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Publication numberUS4760595 A
Publication typeGrant
Application numberUS 06/908,187
Publication dateJul 26, 1988
Filing dateSep 17, 1986
Priority dateSep 20, 1985
Fee statusPaid
Also published asCA1257722A1, DE3686111D1, DE3686111T2, EP0215677A2, EP0215677A3, EP0215677B1
Publication number06908187, 908187, US 4760595 A, US 4760595A, US-A-4760595, US4760595 A, US4760595A
InventorsMasanobu Arai
Original AssigneeNec Corporation
Export CitationBiBTeX, EndNote, RefMan
External Links: USPTO, USPTO Assignment, Espacenet
Subscriber line interface circuit having means for combining DC and AC feedback signals
US 4760595 A
Abstract
A subscriber line interface circuit comprises a balanced amplifier having positive and negative inputs for amplifying a voltage thereacross to generate a pair of mutually complementary voltages across true and complementary outputs. Four resistors of a first value are respectively connected between a subscriber tip line and the negative input, between a subscriber ring line and the positive input, between the negative input and true output and between the positive input and complementary output. Two resistors of a second value smaller than the impedance of the subscriber loop are respectively connected between the tip line and the complementary output and between the ring line and the true output. A DC feedback circuit is connected to the complementary output to generate a DC feedback signal according to a desired variable DC power feeding characteristic. An AC feedback circuit generates an AC feedback signal proportional to a differential voltage across the tip and ring lines and inversely proportional to a desired AC impedence. The DC and AC feedback signals are combined in a circuit which supplies to the negative input a current corresponding to the combined signals.
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Claims(3)
What is claimed is:
1. A subscriber line interface circuit comprising:
a balanced amplifier having a positive input terminal and a negative input terminal for amplifying a voltage across said positive and negative input terminals and generating a pair of mutually complementary voltages across a true output terminal and a complementary output terminal, the complementary voltages varying oppositely to each other and symmetrically with respect to a reference voltage;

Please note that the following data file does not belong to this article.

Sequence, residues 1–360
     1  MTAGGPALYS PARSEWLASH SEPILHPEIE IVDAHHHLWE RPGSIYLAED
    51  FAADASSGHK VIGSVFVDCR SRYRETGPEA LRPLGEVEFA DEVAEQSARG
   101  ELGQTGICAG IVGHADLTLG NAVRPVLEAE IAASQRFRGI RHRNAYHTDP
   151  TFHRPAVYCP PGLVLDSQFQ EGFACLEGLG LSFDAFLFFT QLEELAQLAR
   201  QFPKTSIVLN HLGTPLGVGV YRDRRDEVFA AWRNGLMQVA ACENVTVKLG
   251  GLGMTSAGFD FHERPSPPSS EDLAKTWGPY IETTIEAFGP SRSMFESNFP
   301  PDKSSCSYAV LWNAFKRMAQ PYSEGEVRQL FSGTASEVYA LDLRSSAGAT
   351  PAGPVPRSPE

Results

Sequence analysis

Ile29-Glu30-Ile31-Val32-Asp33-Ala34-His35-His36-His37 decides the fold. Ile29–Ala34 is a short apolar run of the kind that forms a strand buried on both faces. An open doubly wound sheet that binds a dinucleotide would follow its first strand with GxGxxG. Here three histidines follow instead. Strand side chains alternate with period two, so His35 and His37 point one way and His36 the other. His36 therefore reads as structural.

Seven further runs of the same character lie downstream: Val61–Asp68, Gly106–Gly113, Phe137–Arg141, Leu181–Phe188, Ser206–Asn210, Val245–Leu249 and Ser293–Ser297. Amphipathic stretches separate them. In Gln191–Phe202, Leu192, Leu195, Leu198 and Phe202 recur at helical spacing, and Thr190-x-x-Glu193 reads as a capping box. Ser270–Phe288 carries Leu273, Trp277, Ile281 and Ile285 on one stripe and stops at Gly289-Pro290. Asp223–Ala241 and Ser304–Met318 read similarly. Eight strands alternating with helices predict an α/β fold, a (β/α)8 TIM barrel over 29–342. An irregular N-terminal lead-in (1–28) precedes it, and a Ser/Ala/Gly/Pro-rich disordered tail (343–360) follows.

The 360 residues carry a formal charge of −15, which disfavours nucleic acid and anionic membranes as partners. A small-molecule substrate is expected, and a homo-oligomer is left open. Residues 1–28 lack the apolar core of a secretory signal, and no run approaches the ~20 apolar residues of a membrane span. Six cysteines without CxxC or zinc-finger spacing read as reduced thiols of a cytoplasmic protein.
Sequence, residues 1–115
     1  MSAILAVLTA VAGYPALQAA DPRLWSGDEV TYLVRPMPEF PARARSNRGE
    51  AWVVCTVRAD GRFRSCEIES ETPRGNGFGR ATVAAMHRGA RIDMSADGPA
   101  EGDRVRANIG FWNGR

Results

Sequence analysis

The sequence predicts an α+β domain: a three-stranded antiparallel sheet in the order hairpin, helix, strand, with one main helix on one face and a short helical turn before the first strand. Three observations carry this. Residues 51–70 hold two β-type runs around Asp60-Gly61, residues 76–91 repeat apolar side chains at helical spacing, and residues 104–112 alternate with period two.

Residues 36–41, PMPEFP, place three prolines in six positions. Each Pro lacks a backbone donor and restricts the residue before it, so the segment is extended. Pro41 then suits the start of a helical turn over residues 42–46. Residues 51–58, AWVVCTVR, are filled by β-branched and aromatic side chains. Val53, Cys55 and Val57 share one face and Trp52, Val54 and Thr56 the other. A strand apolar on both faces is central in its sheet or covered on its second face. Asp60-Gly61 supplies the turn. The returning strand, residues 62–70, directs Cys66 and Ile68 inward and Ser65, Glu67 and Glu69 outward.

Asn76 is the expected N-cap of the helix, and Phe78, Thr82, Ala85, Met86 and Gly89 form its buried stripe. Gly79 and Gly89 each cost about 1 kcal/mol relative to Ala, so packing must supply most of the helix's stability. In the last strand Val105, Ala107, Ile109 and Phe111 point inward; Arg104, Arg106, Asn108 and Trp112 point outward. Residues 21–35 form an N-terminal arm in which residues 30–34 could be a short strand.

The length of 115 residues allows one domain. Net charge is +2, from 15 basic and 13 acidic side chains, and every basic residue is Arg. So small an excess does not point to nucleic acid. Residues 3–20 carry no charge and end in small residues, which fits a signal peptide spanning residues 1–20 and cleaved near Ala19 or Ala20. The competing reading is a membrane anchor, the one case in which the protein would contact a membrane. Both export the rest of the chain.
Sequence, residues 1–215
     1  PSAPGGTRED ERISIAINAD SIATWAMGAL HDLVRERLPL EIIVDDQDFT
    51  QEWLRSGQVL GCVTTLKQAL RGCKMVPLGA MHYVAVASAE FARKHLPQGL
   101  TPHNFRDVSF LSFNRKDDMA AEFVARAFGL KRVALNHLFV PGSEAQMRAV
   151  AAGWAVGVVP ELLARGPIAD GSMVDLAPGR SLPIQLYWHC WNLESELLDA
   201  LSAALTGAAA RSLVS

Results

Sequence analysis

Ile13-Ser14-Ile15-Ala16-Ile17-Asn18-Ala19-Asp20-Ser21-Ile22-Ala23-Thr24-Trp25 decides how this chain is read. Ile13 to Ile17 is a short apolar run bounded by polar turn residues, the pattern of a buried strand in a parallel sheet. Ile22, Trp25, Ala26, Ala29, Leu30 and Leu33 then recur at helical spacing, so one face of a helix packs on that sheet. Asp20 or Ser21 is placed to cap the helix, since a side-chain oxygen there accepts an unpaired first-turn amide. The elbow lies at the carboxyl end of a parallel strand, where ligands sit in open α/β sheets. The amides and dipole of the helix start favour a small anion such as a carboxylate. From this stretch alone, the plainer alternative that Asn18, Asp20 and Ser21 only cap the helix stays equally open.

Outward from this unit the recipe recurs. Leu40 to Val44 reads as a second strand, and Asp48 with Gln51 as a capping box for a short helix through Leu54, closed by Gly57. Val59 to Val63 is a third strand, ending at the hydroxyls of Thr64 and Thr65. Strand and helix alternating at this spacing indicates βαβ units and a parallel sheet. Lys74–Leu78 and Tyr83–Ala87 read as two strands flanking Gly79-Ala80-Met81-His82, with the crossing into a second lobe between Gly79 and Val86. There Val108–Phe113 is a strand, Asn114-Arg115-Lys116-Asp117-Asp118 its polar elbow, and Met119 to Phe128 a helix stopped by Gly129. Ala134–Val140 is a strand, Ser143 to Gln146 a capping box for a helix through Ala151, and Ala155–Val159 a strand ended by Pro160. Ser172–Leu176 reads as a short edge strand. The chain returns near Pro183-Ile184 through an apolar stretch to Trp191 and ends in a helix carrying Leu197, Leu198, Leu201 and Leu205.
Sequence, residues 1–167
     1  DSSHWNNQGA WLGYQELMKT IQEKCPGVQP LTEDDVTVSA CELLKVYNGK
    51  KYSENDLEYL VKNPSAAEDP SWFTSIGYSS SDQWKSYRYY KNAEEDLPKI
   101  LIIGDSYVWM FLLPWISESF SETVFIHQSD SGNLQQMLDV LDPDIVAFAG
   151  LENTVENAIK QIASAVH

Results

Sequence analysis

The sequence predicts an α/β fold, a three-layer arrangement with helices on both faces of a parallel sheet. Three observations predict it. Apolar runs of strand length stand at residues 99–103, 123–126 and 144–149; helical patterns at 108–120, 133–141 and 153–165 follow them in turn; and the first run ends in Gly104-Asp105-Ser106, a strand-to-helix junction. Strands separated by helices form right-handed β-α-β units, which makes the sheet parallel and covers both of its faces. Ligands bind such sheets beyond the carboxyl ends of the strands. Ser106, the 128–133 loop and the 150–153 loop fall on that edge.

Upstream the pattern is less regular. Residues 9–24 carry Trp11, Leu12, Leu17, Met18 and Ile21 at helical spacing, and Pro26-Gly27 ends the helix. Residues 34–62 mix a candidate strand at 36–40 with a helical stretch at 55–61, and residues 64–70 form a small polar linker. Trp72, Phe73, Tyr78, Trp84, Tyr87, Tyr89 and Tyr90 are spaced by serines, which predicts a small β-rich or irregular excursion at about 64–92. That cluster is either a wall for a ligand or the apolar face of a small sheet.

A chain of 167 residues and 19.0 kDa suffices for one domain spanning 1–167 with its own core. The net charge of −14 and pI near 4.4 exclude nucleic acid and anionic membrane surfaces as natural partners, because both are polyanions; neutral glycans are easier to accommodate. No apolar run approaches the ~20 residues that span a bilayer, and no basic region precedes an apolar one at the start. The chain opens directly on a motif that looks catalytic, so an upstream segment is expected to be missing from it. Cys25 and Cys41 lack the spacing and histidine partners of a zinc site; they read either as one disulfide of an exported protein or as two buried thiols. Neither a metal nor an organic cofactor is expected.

a first plurality of four resistors of substantially equal resistance value respectively connected between a first terminal of a subscriber loop and said negative input terminal, between a second terminal of the loop and said positive input terminal, between said negative input and true output terminals and between said positive input and complementary output terminals;
a second plurality of two resistors of equal resistance value respectively connected between said first terminal of the loop and said complementary output terminal and between said second terminal of the loop and said true output terminal, the resistance value of said second plurality of two resistors being smaller than a reference impedance of said subscriber loop;
a DC feedback circuit connected to one of said true and complementary output terminals of the amplifier for generating a DC feedback signal and providing a desired variable DC power feeding characteristic;
an AC feedback circuit connected to said first and second terminals of the loop for generating an AC feedback signal which is proportional to a differential voltage across said first and second terminals and inversely proportional to a desired AC impedance; and
a combining circuit for combining said DC feedback signal and said AC feedback signal, deriving an output signal which is unbalanced with respect to said reference voltage from the combined signals and supplying the output signal to one of said positive and negative input terminals of the amplifier.
2. A subscriber line interface circuit as claimed in claim 1, wherein said DC feedback circuit comprises means for causing said DC feedback signal to be proportional to the voltage applied thereto from said balanced amplifier and inversely proportional to a resistance value which is smaller than a desired feed resistance value by an amount equal to the resistance value of each of said second plurality of two resistors when the subscriber loop has a relatively large resistance value and causing said DC feedback signal to be proportional to a desired constant current limit value when the subscriber loop has a relatively small resistance value.